What's your kryptonite?

Every writer has her weaknesses. I recently read a post on Writer Unboxed, What I’ve Learned About Writing a Novel, where author Sarah Pekkanen discusses her struggles with writing a novel that was more than just a character novel. To achieve this, she had to learn about plot and how to make a story really flow. By overcoming her weakness, she has become a successful author. But to get to the point where you can write books that people want to read, you have to accept that no writer is perfect. Everyone has a weakness. But if you can figure out what your writing weakness is, you just might succeed in selling your novel.

It’s all in the Details

I figured out what my weakness was at a young age. I stink at description. And it’s no wonder since I usually skim through the descriptions in books, racing ahead to get to the good stuff, the plot. But, sadly, description is pretty important in books. You need it to set the scene. While I don’t like overly descriptive books, I also don’t enjoy books that are poorly described. And, truth-be-told, I probably read a lot more description than I mean to read.

In high school I came up with what I thought was a brilliant solution to this problem. I would just write plays. Then I could use barebones description and focus on fast-paced plot and dialogue and character building. There were two problems with this approach. 1 – this was the lazy way out. 2 – I’m not overly fond of actors. In fact, I only lasted about a year as a theater major.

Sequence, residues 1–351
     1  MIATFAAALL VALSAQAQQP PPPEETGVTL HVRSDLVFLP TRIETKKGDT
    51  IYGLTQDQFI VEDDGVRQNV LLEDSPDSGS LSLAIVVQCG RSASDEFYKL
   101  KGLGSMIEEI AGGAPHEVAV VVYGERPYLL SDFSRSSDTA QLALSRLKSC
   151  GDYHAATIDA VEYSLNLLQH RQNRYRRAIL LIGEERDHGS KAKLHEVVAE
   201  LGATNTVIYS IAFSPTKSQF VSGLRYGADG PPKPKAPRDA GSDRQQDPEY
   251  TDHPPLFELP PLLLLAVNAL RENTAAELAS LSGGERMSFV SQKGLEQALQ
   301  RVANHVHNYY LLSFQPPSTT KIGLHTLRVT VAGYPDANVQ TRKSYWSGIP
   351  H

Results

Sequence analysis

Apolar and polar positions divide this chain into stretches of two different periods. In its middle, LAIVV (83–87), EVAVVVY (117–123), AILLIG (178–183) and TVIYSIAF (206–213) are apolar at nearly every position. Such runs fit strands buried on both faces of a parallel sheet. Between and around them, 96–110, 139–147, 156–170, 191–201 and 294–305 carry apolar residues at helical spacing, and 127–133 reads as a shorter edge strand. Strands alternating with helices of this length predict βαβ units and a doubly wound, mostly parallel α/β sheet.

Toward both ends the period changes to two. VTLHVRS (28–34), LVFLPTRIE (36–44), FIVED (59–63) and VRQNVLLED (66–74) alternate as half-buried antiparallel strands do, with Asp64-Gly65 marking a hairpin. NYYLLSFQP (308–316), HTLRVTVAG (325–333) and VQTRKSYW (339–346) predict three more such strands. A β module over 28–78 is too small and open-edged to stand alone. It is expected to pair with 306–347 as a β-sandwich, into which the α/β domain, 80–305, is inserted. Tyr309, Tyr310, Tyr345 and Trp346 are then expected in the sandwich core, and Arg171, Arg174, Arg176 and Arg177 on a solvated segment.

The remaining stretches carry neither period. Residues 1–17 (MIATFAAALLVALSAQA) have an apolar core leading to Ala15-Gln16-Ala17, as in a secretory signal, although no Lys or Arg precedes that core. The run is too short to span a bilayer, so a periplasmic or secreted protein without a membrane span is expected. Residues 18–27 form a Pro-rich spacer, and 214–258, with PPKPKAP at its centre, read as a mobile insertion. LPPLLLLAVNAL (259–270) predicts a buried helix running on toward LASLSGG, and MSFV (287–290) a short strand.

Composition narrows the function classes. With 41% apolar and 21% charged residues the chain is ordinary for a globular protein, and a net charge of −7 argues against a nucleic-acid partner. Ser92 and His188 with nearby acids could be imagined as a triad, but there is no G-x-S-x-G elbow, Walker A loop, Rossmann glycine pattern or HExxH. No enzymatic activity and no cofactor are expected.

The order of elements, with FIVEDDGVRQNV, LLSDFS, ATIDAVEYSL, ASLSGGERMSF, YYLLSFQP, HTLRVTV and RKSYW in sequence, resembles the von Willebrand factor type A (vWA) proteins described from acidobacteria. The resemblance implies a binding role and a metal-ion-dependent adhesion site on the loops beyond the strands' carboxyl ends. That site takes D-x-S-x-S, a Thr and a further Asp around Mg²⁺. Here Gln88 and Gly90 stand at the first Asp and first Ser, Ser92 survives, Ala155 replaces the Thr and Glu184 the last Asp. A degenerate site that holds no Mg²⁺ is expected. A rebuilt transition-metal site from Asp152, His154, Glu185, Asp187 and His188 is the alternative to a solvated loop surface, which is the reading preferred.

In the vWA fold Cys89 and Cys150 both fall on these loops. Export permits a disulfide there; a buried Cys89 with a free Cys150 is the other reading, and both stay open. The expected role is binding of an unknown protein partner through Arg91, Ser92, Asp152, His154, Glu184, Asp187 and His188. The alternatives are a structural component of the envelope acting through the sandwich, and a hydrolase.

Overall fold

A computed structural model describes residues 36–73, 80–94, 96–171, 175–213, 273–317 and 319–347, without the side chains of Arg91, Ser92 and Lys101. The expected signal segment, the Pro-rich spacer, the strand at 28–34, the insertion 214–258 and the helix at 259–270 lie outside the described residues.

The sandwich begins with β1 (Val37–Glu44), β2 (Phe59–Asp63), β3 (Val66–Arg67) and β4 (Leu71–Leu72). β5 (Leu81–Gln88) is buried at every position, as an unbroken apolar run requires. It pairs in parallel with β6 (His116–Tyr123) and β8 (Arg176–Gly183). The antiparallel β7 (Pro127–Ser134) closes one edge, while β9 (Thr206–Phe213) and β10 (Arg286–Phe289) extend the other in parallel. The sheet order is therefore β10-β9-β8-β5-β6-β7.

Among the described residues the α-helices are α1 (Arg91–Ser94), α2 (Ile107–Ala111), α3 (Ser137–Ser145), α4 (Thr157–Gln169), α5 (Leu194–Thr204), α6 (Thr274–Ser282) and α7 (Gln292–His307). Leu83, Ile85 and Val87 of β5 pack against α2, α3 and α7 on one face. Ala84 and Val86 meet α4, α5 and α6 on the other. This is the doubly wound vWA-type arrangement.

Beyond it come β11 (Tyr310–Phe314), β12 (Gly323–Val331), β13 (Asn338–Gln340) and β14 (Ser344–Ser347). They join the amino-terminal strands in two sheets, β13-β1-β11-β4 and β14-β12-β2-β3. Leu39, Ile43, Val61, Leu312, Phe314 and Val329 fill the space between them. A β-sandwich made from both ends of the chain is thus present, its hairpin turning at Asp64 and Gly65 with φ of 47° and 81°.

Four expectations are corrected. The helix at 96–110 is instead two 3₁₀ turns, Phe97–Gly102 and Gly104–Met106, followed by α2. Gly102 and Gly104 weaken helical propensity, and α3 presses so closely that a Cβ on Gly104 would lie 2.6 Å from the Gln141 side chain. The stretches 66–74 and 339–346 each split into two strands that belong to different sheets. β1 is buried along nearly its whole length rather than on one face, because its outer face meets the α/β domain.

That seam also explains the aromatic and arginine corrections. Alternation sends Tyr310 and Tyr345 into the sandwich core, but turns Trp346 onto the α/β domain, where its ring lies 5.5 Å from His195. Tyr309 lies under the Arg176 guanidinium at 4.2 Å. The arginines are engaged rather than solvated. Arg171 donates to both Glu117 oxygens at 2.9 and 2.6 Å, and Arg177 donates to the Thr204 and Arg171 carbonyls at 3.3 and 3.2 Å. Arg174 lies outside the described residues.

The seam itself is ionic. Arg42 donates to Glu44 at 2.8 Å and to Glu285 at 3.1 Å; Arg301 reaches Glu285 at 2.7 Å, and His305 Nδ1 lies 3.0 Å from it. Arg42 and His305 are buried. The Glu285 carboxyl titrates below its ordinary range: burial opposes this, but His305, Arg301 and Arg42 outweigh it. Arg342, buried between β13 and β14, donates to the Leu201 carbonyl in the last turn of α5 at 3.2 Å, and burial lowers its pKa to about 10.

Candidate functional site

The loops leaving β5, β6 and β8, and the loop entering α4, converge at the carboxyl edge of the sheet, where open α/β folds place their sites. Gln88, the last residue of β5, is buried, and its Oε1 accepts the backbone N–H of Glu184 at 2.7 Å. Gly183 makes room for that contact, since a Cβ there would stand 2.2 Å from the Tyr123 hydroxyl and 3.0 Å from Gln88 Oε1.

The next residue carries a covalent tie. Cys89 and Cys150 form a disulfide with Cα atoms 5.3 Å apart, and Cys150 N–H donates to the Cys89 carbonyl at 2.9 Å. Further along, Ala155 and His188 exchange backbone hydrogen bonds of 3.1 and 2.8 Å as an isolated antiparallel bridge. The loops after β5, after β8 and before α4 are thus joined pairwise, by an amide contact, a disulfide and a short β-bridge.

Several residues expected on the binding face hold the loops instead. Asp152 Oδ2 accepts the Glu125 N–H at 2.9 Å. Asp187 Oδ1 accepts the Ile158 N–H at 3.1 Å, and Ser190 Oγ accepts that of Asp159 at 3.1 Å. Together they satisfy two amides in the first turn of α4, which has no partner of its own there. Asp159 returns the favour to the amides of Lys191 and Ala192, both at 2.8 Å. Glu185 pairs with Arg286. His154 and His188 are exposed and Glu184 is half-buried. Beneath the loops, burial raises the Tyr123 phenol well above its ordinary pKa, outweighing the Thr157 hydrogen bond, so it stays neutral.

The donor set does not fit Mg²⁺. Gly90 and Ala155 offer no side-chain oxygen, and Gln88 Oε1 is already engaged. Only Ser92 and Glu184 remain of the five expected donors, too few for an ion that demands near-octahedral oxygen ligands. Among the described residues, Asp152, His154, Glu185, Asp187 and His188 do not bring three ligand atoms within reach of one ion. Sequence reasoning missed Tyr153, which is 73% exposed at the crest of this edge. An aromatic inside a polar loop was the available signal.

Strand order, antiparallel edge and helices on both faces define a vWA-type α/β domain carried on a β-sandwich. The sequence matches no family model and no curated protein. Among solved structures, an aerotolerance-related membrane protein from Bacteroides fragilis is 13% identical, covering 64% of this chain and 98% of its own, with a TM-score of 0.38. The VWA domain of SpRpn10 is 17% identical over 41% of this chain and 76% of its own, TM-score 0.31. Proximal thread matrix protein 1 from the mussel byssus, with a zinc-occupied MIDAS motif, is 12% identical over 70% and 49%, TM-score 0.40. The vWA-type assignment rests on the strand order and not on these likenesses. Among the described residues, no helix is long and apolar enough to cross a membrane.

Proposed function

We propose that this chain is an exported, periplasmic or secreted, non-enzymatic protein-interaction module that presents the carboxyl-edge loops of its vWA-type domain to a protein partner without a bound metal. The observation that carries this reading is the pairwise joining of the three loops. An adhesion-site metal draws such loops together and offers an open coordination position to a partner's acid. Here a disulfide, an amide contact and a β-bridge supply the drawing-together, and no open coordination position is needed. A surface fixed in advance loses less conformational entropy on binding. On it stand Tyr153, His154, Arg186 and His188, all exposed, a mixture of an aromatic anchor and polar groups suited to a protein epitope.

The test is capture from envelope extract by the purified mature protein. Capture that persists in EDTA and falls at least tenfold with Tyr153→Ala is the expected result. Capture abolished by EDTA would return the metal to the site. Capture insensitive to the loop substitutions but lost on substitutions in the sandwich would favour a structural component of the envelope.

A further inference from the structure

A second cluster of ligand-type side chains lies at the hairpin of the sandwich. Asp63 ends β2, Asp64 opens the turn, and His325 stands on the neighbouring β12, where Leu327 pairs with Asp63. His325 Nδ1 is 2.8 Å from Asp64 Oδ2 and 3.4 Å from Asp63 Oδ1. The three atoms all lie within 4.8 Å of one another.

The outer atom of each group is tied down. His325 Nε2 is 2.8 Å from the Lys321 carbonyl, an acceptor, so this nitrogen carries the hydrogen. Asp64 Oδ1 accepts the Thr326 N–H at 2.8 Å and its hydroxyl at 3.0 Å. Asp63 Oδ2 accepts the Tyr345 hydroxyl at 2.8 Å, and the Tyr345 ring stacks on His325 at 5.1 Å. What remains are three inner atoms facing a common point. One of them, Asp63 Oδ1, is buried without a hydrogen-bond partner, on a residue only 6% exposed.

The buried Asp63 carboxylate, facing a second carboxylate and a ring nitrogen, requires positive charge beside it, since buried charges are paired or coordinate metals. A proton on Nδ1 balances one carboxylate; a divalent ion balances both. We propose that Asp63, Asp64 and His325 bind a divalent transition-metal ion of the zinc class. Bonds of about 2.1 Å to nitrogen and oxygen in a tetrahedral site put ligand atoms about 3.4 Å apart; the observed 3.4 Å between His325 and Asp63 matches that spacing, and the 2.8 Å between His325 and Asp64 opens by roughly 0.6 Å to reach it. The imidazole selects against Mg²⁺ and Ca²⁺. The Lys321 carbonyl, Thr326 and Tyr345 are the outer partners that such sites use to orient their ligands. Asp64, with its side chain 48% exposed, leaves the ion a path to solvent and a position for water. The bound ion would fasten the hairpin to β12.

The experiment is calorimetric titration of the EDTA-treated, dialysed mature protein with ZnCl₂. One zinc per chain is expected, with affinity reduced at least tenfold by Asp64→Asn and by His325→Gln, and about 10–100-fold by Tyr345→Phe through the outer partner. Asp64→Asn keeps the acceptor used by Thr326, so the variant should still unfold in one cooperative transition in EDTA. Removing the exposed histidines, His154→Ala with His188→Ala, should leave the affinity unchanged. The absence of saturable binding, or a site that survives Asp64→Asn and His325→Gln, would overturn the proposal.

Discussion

Once I came back around to novel-writing, I realized that I wasted a lot of time taking the easy route. I could have been honing my description writing skills. Instead, I spent hours learning how to properly format a script. Useful if I decide to write a book with a playwright as the main character, but not so useful if I want that book to have any shred of description.

Practice, practice, practice – Exercising your creativity

How do you overcome your weaknesses? In writing, sadly, the only real way to do this is through practice. You have to exercise your creative mind. In the past I often skipped exercises in writing books that focused on description. Now I am forcing myself to work through them. And it is not always pretty. I am also forcing myself to read every word in the books I consume, description and all. I’ve learned to plot by being a voracious reader and seeing first hand what does and does not work. By focusing on description in published books, I am also starting to pick up on things that work and do not work.

I’m pretty sure I will always have to work on my description writing skills. Maybe it will become second nature to me one day. I hope it does, but I’m not going to count on it. Instead, I’m going to keep on exercising my creativity with the hopes that I can at least manage to fool readers into believing that I’m an expert writer with zero flaws :)

What’s your kryptonite? How do you confront your weaknesses?